Date of Conferral



Doctor of Nursing Practice (DNP)


Health Services


Catherine Garner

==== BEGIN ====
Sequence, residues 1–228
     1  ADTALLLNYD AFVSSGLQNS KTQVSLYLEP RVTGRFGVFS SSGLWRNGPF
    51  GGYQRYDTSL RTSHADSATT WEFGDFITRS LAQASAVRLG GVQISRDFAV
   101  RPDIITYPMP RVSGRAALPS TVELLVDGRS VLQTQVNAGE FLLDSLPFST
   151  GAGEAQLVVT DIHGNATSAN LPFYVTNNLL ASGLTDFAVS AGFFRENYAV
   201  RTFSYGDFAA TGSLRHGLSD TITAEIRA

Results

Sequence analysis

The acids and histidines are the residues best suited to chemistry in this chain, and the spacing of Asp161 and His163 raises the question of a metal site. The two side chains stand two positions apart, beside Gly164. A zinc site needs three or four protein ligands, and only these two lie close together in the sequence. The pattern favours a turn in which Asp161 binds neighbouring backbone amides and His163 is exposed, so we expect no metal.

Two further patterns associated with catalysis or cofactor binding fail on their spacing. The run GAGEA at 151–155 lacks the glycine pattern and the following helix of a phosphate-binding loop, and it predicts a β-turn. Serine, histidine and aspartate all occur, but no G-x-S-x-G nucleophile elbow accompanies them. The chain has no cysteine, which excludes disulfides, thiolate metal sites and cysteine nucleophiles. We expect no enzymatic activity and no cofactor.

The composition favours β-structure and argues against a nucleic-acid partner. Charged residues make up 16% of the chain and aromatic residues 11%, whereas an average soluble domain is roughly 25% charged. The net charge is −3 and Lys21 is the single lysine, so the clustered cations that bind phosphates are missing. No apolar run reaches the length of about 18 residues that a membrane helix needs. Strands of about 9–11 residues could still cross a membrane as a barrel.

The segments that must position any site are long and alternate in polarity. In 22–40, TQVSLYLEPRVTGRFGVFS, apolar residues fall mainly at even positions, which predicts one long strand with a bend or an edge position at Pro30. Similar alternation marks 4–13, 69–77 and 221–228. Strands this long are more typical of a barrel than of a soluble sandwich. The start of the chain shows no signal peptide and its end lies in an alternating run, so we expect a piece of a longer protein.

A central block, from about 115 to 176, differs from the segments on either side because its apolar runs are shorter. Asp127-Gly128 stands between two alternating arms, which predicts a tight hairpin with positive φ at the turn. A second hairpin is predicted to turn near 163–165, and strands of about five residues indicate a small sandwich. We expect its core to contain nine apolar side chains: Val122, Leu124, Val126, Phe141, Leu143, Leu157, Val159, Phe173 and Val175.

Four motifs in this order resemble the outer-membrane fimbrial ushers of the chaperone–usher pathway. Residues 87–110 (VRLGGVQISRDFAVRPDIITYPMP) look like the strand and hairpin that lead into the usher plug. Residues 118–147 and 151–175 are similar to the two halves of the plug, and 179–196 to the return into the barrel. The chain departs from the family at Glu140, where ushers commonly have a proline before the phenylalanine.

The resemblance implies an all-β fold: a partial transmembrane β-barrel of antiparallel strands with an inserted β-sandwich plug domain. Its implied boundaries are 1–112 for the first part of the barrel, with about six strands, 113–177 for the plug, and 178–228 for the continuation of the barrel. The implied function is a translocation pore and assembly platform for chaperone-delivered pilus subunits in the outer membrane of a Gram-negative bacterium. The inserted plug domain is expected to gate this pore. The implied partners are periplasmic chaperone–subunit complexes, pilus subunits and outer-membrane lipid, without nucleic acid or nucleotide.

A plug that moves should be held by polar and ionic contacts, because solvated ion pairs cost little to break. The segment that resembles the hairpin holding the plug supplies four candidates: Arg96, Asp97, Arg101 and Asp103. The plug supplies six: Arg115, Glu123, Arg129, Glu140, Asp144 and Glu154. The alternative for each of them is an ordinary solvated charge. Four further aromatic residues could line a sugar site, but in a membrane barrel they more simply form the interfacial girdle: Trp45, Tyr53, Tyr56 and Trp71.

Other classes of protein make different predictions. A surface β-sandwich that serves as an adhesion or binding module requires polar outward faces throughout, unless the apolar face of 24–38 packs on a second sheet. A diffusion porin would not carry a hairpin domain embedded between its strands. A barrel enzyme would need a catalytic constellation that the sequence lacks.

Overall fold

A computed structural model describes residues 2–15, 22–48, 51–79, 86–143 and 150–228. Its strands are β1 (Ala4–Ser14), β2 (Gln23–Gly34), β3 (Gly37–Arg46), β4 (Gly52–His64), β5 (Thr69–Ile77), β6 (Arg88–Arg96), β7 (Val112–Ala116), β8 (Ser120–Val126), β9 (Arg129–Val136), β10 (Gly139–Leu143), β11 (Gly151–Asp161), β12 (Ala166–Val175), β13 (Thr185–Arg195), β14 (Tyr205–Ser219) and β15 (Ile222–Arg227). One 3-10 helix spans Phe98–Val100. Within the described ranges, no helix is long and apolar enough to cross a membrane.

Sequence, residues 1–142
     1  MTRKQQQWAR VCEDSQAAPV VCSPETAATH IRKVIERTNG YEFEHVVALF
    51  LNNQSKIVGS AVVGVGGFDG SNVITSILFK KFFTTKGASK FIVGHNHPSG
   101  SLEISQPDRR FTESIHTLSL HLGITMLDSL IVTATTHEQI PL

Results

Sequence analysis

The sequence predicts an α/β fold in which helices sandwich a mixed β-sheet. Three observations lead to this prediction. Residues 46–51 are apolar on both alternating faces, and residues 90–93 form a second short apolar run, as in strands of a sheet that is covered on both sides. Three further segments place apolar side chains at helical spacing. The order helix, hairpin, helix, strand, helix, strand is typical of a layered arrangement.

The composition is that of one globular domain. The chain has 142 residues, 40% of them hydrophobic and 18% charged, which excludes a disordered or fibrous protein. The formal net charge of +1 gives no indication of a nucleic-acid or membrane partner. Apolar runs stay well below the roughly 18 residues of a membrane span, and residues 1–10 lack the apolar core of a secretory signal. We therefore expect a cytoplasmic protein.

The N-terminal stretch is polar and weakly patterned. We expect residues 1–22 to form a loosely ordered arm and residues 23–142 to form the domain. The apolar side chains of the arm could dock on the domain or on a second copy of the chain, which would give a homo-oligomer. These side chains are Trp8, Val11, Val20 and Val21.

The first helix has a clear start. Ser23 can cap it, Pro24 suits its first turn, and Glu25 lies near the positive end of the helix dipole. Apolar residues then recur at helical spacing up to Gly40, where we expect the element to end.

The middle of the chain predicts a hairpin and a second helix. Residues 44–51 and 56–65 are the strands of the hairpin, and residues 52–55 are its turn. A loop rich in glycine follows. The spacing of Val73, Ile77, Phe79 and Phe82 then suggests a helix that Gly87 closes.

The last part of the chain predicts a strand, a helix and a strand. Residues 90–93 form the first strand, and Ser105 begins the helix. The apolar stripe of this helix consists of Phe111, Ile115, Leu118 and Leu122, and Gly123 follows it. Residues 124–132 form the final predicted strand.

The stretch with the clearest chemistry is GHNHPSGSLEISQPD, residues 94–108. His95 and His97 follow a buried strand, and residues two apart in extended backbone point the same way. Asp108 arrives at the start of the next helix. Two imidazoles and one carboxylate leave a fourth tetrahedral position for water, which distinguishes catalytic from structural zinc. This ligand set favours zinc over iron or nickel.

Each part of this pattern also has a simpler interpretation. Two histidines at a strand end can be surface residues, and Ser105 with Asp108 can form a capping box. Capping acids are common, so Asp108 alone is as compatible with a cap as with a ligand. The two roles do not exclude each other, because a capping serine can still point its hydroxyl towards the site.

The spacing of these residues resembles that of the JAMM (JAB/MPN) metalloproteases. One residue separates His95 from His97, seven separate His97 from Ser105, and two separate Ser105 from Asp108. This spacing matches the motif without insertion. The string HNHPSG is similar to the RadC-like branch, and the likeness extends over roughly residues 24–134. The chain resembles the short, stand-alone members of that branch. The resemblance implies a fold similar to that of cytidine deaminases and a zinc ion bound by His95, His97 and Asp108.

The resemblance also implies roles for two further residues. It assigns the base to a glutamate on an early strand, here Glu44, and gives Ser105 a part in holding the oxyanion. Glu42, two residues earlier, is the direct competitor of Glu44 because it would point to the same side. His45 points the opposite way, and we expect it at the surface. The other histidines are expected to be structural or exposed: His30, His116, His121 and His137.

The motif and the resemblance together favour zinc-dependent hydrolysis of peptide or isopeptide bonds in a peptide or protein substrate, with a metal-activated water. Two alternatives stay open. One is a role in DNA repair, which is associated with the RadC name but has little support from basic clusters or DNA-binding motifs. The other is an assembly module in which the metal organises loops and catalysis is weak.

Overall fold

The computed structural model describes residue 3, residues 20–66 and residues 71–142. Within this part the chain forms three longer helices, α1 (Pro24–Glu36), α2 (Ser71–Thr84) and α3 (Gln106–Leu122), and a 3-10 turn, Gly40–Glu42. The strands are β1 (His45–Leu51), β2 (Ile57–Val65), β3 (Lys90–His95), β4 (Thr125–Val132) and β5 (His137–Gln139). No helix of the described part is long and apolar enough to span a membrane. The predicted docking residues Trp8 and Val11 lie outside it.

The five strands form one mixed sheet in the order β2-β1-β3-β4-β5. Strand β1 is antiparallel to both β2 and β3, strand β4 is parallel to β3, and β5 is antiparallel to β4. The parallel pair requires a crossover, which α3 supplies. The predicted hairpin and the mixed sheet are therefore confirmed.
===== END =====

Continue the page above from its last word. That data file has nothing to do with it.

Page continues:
In 2012, opioid prescriptions exceeded 250 million, which is equivalent to providing a prescription to every adult in the United States. Prescription opioids have contributed to over 100,000 deaths since the late 1990s with the greatest impact among adults 35 through 54 years of age. The purpose of this doctoral project was to introduce an evidence-based screening tool that will identify patients who are at risk of opioid misuse and aid in the development of the most effective treatment plan to manage chronic pain and avoid abuse. The Screener and Opioid Assessments for Patients with Pain (SOAPP), a screening tool, was given to 100 participants, both males and females between the ages of 25 and 65, in an outpatient pain clinic. The data collection method was a questionnaire consisting of 14 questions designed to predict behaviors of people using opioids for chronic pain. Participant questionnaire responses on the Likert-5-point scale of 0 (Never), 1 (Seldom), 2 (Sometimes), 3 (Often), and 4 (Very Often) were totaled with a score of 7 or above indicating a high risk for abuse. Once the SOAPP data were obtained scores were calculated and grouped into categories of low or high risk for opioid misuse or abuse. Results indicated that 25% of the participants scored at high risk for opioid misuse (22% were female and 27% male) implying that there was a need for additional monitoring by the physician and nurse practitioner. The mean age for high risk was 51 and for low risk 54. Pain management providers play a crucial role in the effectiveness and success of the patient's treatment. Positive social change may occur when assessment tools such as the SOAPP are used in the evaluation and management of patients with chronic pain and addiction.

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